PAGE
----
This SEAL assembly encourages secondary students to consider how words can be the cause of pain and suffering


  • Student volunteer
  • Board rubber


[Leader faces the audience, slightly squatting, with hands on thighs]

Leader: I want you to imagine that I’m 6ft 6 inches tall with bulging muscles. I’m wearing a black rugby shirt and shorts. The match is just about to start, but first I’m going to intimidate you by performing the Haka.


Well maybe that would mean stretching your imagination just a little too far!


Do you you understand what I’m talking about when I say the Haka? It is a fierce dance performed by members of the All Blacks — the New Zealand rugby team — before every match. It’s actually a traditional Maori dance which can be performed as a hearty welcome to honoured guests or to celebrate physical strength. The version the All Blacks perform is a version known as peruperu, the war dance. The fierce expressions, the ground-shaking stamping of feet and the bloodcurdling sound of the lyrics are intended to almost win the battle before it’s even started. The intention is that, by the time the Haka is completed, the opposition will be so intimidated, discouraged and frightened that they roll over and surrender.

The power of words!


Leader: There’s a saying that goes: ‘Sticks and stones may break my bones, but words will never hurt me.’ That’s not true, is it? Words can be just as harmful as actions. They can cause depression, self-harm, even suicide in the worst examples. Words are weapons, some of the time.

What are the words that actually cause hurt; that do the most damage? It’s rather a difficult question to answer. There’s no way to evaluate one against another. Does ’Fat slag!’ hurt more than ‘Pig face!’ or ’Swot’? Does attaching a swear word give it even more impact? Maybe the truth is that size doesn’t necessarily count with any kind of ‘weapon’: a small bullet can kill just as easily as an atomic bomb, as long as it hits its target. Perhaps it is the same with words.

Here are three ways in which words can be powerful weapons:

First, when it touches a place where a person is vulnerable. We’ve all got our sensitive areas. They may be to do with looks, abilities or achievements. Possibly we have some secret embarrassment that we don’t want revealed – perhaps something we said in the past that we now regret, or a time when we revealed our emotions or subjected ourselves to a humiliating failure or rejection. Any comment on these parts of our life, however subtle or quiet, will be like a knife twisting in our side.

Second, words can be powerful weapons when they are used at a time when we feel most vulnerable. Sometimes it takes very little to make us snap, because we’re rather down, just getting over an illness, coping with bad news or generally stressed (just think of exam times). Some people are affected by the time of day, the seasons, certainly by the time of the month. We’re wide open to attack and the slightest hint of criticism or sarcasm can feel immensely hurtful.

Finally, words can do damage when they are communicated to a large number of people. They may be trivial or actually untrue, but as they circulate they somehow seem to gain power. That’s why there are laws against libel (saying untruth) and slander (speaking untruth) when they damage someone’s reputation, particularly when spread by the news media. The version of this that’s prevalent amongst teenagers, of course, is cyber bullying. To circulate gossip or pictures by mobile phone or via the internet in order to cause embarrassment and hurt is one of the cruellest things one can do.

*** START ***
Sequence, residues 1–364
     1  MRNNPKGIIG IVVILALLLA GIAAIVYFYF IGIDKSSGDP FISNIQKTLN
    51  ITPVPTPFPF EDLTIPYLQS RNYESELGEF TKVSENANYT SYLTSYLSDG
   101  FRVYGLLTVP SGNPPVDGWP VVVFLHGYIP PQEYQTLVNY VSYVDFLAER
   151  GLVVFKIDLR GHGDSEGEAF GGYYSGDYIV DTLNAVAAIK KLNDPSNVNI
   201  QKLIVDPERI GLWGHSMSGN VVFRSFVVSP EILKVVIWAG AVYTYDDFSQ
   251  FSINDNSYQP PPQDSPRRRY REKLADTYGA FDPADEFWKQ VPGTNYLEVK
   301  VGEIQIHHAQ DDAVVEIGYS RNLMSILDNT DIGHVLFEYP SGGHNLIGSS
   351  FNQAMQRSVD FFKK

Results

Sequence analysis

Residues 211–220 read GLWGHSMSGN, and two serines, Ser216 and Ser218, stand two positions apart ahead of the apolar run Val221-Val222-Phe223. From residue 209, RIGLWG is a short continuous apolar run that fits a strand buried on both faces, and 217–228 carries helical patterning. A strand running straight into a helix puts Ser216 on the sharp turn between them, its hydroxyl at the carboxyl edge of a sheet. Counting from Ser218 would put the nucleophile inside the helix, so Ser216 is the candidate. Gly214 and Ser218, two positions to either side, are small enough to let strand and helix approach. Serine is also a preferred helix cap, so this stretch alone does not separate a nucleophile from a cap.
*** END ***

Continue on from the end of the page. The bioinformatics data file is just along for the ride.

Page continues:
How can we illustrate the effect words can have when used as weapons? I’d like a volunteer to act as a target.

[Invite a suitably robust student to the front]

What sort of words could we throw at (student’s name), I wonder? No, I’m not going to ask for suggestions. Let’s just imagine that you’ve said the most hurtful words you could possibly think of. What effect might it have on him/her?


Here’s a way to think of it.

[Leader takes the board rubber]

Imagine that when …… heard the first word, a little bit of him/her was rubbed out.

[Leader pretends to rub out an eyebrow]

The next word had the same effect.

[Rub out the nose]

And the next…..etc

[Continue the demonstration for 20 seconds until the whole student has effectively been rubbed out.] [Pause]

That’s the effect words can have when they are used as weapons. They depersonalise us, robbing us of our identity. They destroy our self-image, our sense of self-worth. Words are very dangerous weapons.

Of course we’d never do that. Would we?


Who are the people who know when you are at your most vulnerable?


Who are the people who know where you are most vulnerable?


Who would you feel most let down by if they broadcast gossip and lies to the whole school?


I think the most obvious answer to all these questions is your friends. And that’s when words become the most powerful weapons possible – when they are used against you by those you trust the most. It’s like Julius Caesar being stabbed by his friend, Brutus. The sense of betrayal makes a simple word have a devastating effect.

It’s a responsible business being a friend.

Meanwhile, think about the words of this prayer. Make it your own if you wish.

God our protectorGuard us at the times we feel vulnerable to the slightest joke or criticism.Give us a constant sense of our worth, to act as a shield to deflect words that could cause hurt.Help us to be a sensitive friend to those we know, never taking advantage of their vulnerability.Instead may we give support, encouragement and affirmation.


This e-bulletin issue was first published in January 2009

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